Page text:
Stephen Poloz, Bank of Canada governor, tells resource sector to ride it out

Canada is caught in a global commodities "super-cycle" and it could be "considerable time" before the resource sector adjusts, according to Bank of Canada governor Stephen Poloz.

Urges sector to keep investing as it adjusts to impact of low commodity prices

Bank of Canada governor Stephen Poloz urged the resource industry to keep investing through the downturn as a basis for future prosperity. (CBC)

Canada is caught in a global commodities "super-cycle" and it could be "considerable time" before the resource sector adjusts, according to Bank of Canada governor Stephen Poloz.

A "super-cycle" is a long-term swing in prices as when high prices for commodities such a copper, oil and gold encouraged investment in those sectors a few years ago, resulting in oversupply that is now driving prices downward.

The wild card can be technological development, such as the advent of shale oil, which can change the nature of the sector. 

"Any economy that relies on natural resources will naturally be challenged by large movements in their prices," Poloz said in prepared remarks for his speech to Calgary Economic Development.

CBC News is carrying the speech live.

He acknowledged that his audience in Calgary knows very well the tough impact of price swings, but the only solution is to adapt.

"Canadians should heed the signals sent by price movements. We've adjusted to rising prices; we can adjust to falling ones. These adjustments are never easy. They are often difficult and painful for affected individuals and their families. But they are necessary," he said.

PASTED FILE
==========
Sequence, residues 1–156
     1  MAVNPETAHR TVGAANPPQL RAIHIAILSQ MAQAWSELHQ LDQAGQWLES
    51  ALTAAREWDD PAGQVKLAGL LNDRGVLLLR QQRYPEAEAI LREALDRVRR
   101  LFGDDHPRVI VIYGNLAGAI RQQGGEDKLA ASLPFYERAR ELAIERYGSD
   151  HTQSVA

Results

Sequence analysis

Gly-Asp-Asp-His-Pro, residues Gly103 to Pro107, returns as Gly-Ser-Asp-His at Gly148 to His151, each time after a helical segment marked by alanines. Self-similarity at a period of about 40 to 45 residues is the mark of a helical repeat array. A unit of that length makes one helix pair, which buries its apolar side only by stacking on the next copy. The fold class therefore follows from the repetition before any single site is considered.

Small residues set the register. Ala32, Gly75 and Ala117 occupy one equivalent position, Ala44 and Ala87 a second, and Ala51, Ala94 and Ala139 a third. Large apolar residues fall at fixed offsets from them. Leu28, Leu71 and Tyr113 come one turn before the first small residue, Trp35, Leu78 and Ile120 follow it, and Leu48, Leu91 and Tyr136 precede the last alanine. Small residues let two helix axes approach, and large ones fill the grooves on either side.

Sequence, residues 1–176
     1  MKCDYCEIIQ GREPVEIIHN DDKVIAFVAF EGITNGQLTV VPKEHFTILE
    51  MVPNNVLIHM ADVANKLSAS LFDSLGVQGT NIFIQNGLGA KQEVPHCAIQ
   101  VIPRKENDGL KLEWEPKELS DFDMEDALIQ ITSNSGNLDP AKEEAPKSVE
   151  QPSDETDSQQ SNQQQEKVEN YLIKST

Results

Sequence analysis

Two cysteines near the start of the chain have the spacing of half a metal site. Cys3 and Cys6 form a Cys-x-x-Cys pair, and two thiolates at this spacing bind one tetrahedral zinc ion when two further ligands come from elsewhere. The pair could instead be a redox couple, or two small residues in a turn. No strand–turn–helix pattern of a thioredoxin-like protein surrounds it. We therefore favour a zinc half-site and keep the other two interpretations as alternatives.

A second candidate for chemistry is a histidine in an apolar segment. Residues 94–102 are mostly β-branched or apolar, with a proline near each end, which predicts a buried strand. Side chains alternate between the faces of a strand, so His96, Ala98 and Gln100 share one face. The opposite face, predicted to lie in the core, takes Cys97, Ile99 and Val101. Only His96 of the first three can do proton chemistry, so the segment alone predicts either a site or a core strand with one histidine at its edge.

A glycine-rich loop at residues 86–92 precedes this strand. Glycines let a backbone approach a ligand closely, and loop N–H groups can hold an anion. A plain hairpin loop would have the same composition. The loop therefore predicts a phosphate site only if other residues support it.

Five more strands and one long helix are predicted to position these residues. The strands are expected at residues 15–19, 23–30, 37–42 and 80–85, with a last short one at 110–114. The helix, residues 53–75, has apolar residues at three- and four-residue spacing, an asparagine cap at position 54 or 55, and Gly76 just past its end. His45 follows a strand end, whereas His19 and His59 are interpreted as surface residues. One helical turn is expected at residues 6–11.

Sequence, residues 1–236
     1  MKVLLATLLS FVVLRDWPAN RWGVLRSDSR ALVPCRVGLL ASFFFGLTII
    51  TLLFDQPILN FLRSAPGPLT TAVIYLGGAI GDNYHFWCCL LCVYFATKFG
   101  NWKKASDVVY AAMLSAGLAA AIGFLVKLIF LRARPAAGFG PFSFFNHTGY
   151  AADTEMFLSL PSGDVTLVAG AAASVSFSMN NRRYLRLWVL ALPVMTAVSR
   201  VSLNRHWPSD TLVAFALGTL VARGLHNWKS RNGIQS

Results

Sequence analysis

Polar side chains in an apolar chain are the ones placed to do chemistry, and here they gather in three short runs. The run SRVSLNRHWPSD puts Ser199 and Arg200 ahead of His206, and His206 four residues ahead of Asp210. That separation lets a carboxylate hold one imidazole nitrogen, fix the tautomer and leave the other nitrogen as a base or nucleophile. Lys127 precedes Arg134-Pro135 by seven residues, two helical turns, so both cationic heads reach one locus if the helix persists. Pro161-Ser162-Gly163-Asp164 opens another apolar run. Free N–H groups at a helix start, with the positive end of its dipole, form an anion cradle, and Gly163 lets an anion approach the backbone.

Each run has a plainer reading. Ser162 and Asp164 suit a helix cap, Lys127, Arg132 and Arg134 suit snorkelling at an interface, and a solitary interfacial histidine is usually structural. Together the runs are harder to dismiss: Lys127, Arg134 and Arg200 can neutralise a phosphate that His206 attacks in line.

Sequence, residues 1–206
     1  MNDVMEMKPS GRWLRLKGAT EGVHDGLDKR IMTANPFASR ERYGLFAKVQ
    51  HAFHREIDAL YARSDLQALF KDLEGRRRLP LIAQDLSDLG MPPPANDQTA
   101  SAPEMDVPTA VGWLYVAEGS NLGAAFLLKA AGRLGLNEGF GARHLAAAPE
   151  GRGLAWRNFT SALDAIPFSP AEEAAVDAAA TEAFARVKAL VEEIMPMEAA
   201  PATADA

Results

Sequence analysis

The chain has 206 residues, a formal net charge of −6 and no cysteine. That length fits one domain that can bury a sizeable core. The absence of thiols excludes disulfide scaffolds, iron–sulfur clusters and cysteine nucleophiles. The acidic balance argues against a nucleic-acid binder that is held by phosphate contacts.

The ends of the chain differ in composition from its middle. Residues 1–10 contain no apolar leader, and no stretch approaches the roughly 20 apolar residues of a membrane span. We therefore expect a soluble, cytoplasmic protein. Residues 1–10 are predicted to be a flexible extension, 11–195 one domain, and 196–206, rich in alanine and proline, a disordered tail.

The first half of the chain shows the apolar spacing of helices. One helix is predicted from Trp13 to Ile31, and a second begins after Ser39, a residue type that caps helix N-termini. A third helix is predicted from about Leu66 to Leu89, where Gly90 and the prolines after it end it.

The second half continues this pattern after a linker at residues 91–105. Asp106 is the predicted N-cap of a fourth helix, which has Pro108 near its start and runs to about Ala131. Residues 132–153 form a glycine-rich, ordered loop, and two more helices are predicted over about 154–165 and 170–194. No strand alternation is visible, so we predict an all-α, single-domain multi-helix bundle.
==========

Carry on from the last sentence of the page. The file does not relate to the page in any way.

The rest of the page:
The only role the Bank of Canada can play in the cycle is to keep inflation in check through monetary policy, Poloz said.

Canada's floating exchange rate helps absorb some of the impact of the price movements, he said.

"Total inflation is currently being pushed down by the impact of lower energy costs," Poloz said, adding that the higher prices we're paying for imported goods because of a low loonie are "one-off" effects that the central bank looks past as it sets inflation policy.

"When all the temporary factors are stripped out, the underlying trend in inflation in Canada is in the range of 1.5 per cent to 1.7 per cent, below our target of two per cent," he said.

He urged the resource sector to keep investing as it adjusts to the impact of low commodity prices.

"Even when prices are falling, as they have been recently, our endowment represents a store of value and a source of future riches," he said.

Comments

To encourage thoughtful and respectful conversations, first and last names will appear with each submission to CBC/Radio-Canada's online communities (except in children and youth-oriented communities). Pseudonyms will no longer be permitted.

By submitting a comment, you accept that CBC has the right to reproduce and publish that comment in whole or in part, in any manner CBC chooses. Please note that CBC does not endorse the opinions expressed in comments. Comments on this story are moderated according to our Submission Guidelines. Comments are welcome while open. We reserve the right to close comments at any time.